Penguin by Jeff Thomson

In 1995 I lived in Dunedin for a year as the Frances Hodgkins Fellow (a year long artist residency) and experimented with printing on metal surfaces. I made a series of tin moulds used for making bread and made bread using them. The moulds were made from guttering, down pipe, ridge caps, and corrugated steel bits. In the installation, "Half Baked", which was made in co-operation with a sound artist Graeme Cornwell, each abstract loaf had a speaker under it that emitted computerised abstracted sounds. During the year I did a lot of nail making as well. I poured lead into various materials and made them into lead-head nails.

In 1996 I returned to Helensville, 50 km north of Auckland, where I have my studio. I returned to being a full-time artist, working on various projects in New Zealand and elsewhere. In 1997, I did a four-day trip to Holland and Germany to look at a space in the Annalie Brusten Gallery in Wuppertal and to confirm with the director that I was serious about doing the show there later in the year. I had another show there in 1999. It is a dealer gallery so I have to pay my own travel costs and so on. But both shows have lead to shows in public galleries, and one show has been touring for three years. I was the Tylee Cottage artist-in-residence in Wanganui for six months in 2000. For this project I promoted myself and set myself up as a roofer working in the community. I offered roof alterations, repairs, and restorations for the cost of the materials. I did about 15 large-scale projects in which large areas of roofing was replaced with preprinted sheeting. On one roof I replaced a whole corner of ridging, guttering, corrugated iron and downpipe with a pattern of Greek Kori images chosen by the client. While in Wanganui, I also made some interior concrete ceiling panels with corrugated patterning for a house and designed three-dimensional forms into roofing structures. I renailed entire roofs with custom-made lead-head nails made from objects on the property. I also used a roof as a site for placing objects, much like exhibiting in a gallery. Other areas I worked on were: rainwater systems, chimneys, ceramic tiles, guttering and downpiping. I solved the rain flow problems on one roof by creating a system of sheeting that created rapids to slow down and disperse the water flow. It has been interesting making these roof-related alterations in the one small city, because they function more like one piece or a collection of works.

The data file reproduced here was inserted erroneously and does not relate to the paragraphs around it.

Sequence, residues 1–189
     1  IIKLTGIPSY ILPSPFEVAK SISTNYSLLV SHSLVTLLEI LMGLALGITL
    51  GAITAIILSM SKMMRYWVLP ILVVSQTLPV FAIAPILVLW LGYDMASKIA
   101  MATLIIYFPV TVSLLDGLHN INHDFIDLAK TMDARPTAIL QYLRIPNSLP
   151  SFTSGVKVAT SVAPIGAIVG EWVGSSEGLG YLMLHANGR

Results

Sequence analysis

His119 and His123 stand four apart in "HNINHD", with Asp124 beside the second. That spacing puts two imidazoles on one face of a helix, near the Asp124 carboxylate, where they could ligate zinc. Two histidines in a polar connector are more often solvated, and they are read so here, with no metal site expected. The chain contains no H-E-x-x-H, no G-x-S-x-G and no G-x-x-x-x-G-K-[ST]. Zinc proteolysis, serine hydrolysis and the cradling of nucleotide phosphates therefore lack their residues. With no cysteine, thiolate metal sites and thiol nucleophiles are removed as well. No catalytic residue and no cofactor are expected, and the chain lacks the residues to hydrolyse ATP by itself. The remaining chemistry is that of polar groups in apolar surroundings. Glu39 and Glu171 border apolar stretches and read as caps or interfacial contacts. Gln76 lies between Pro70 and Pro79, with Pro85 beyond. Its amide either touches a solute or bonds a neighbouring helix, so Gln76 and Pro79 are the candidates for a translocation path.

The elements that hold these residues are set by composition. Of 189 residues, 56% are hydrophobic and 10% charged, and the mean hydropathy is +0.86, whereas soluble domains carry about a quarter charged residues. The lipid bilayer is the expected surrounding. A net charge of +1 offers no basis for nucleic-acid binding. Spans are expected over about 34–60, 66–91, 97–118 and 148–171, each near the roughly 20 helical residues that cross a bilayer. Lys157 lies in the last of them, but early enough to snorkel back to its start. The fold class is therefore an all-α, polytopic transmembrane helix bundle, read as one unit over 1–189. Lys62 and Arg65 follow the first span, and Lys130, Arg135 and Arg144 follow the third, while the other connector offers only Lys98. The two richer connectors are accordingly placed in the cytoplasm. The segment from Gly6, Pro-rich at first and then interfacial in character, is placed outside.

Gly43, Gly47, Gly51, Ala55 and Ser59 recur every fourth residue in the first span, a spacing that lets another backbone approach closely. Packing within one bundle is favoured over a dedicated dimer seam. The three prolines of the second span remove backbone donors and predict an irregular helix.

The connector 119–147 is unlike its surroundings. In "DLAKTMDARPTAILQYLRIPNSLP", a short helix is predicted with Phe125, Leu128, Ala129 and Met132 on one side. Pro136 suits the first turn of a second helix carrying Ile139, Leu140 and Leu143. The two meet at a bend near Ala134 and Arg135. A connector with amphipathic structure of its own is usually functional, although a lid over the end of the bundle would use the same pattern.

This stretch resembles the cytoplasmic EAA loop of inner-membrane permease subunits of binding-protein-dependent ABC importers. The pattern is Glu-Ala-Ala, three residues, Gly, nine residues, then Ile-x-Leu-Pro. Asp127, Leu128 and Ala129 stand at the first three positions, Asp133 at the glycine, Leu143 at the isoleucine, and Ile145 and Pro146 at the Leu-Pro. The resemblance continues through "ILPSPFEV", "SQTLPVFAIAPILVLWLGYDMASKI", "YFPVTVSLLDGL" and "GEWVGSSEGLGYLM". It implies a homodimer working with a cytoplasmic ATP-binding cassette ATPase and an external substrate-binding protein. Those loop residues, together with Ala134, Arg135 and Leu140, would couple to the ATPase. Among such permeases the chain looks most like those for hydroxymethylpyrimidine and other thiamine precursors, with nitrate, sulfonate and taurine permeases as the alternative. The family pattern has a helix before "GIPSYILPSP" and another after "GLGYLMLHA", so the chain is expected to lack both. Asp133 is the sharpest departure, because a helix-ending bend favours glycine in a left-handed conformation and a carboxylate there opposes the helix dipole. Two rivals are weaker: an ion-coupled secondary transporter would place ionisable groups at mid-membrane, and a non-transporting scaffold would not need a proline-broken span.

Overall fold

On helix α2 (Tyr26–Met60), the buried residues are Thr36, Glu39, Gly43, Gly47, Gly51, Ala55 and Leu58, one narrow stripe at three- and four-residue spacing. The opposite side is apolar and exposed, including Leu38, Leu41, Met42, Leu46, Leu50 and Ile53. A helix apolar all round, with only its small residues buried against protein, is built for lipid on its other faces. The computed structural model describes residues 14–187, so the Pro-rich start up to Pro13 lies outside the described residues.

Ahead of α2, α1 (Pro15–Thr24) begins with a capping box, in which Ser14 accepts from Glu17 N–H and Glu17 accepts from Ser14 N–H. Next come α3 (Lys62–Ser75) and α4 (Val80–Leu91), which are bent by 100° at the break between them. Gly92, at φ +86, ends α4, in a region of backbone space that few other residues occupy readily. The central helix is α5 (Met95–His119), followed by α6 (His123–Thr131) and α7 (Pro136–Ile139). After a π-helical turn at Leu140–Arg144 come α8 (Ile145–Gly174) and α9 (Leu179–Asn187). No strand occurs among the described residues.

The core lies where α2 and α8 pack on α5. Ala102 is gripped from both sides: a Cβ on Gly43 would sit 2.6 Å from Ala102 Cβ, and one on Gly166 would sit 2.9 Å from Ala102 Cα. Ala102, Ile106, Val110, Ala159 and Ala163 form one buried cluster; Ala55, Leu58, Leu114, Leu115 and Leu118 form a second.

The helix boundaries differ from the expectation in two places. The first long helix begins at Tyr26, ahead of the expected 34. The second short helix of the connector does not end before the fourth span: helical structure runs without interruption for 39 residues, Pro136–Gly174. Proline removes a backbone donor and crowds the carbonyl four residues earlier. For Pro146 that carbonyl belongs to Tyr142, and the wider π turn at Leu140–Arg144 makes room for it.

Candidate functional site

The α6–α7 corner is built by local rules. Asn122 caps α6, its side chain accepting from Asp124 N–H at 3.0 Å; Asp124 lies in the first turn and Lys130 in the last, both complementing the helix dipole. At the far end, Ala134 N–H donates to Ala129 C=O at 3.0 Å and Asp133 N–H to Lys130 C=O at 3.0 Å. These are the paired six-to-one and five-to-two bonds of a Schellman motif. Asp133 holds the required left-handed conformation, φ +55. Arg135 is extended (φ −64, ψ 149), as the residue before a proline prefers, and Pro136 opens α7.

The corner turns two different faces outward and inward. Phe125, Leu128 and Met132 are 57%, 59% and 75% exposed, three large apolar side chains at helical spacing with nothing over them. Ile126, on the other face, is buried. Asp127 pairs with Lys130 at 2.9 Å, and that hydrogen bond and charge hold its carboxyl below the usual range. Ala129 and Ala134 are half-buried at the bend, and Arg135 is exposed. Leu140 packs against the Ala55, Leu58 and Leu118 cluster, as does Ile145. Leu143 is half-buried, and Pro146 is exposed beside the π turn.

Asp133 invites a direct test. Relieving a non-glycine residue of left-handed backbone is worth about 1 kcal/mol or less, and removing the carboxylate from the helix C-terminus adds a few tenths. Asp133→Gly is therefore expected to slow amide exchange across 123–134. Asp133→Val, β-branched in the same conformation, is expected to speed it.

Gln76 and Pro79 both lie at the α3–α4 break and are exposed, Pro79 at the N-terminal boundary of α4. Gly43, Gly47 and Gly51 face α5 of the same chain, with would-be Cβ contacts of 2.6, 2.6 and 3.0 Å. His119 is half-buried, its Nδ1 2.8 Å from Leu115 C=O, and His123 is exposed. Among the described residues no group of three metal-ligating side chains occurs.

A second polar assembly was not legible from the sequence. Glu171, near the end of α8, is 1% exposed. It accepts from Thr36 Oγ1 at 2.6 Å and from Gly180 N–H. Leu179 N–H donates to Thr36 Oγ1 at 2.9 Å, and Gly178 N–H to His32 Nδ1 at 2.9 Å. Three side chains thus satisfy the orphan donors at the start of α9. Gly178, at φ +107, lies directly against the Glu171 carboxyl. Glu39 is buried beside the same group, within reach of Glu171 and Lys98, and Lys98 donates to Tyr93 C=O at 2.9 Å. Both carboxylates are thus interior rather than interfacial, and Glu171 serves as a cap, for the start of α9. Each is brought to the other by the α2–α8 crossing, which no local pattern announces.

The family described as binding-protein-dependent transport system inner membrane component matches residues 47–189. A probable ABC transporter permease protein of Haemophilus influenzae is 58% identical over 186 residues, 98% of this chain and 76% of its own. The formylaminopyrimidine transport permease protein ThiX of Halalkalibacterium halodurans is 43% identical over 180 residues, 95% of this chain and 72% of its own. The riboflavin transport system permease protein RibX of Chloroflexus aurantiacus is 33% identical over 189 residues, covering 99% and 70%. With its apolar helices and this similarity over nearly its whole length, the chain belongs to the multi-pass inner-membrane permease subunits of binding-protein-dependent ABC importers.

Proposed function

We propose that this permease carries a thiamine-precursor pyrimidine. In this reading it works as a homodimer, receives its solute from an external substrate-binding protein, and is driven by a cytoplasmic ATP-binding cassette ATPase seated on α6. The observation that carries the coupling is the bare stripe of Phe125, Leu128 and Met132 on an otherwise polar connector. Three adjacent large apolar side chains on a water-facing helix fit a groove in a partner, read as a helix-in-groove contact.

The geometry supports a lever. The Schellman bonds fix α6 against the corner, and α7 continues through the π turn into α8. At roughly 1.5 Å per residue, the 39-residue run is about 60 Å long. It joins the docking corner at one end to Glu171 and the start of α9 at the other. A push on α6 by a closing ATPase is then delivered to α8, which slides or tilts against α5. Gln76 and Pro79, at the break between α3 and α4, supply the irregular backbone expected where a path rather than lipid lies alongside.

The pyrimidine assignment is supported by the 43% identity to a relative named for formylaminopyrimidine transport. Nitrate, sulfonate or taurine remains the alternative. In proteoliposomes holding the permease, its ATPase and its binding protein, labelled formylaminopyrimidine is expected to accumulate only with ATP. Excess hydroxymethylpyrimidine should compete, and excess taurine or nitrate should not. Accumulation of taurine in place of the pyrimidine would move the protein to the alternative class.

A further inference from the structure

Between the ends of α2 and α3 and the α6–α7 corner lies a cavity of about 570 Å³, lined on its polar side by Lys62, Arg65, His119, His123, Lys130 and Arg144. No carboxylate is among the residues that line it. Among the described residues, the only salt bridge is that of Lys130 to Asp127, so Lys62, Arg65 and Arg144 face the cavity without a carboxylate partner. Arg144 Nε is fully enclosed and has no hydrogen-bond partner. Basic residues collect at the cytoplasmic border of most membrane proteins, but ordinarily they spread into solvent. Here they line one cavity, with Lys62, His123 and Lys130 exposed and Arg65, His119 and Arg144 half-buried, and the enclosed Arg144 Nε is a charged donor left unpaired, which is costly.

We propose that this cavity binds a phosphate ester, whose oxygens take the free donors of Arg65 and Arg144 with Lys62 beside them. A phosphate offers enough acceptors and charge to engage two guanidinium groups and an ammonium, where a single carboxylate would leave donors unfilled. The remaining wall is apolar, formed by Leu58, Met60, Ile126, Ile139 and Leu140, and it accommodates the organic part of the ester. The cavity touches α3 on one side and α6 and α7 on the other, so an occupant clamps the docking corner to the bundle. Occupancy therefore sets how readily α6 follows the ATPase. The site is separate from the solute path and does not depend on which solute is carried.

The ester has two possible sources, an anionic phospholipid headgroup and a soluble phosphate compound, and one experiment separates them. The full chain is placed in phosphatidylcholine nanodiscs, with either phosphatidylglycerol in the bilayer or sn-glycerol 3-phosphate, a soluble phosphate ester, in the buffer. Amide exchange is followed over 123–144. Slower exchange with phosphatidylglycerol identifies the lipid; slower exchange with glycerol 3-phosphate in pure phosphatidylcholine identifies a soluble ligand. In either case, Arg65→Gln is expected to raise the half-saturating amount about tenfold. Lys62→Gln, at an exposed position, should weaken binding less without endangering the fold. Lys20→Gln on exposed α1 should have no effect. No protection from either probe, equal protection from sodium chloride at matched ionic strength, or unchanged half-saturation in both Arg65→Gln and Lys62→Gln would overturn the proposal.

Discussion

In a sense I do have a signature in that I work with roofing materials such as corrugated sheeting to make a variety of objects, but my approach always has been and still is experimental. I really have no idea what I will be making in a month's time. There's a book coming out in November about my work over the past five years, finishing with images from the Wanganui project. It is to be published by the Bowen Galleries

(ISBN: 0-473-07315-3, 2000, Published by Bowen Galleries, 35 -37 Ghuznee St., Wellington).

Excerpts from Arts Dialogue, February 2001, pages 2 - 6


Roof alteration by Jeff Thomson, 2000.